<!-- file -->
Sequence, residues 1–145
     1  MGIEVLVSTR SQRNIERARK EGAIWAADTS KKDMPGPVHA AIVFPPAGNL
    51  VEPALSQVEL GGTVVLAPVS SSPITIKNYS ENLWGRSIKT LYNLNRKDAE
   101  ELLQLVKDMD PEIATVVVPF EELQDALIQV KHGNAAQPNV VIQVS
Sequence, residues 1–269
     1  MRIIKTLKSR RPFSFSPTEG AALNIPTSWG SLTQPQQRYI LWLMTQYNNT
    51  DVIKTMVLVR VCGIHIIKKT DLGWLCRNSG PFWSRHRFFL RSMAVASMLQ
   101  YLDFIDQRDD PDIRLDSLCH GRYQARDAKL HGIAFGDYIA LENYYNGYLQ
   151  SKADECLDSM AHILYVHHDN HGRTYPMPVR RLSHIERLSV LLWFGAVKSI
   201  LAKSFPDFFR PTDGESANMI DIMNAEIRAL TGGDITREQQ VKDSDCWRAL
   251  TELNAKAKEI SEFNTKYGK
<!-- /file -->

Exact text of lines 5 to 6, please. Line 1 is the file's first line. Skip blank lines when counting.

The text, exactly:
Sequence, residues 1–269
     1  MRIIKTLKSR RPFSFSPTEG AALNIPTSWG SLTQPQQRYI LWLMTQYNNT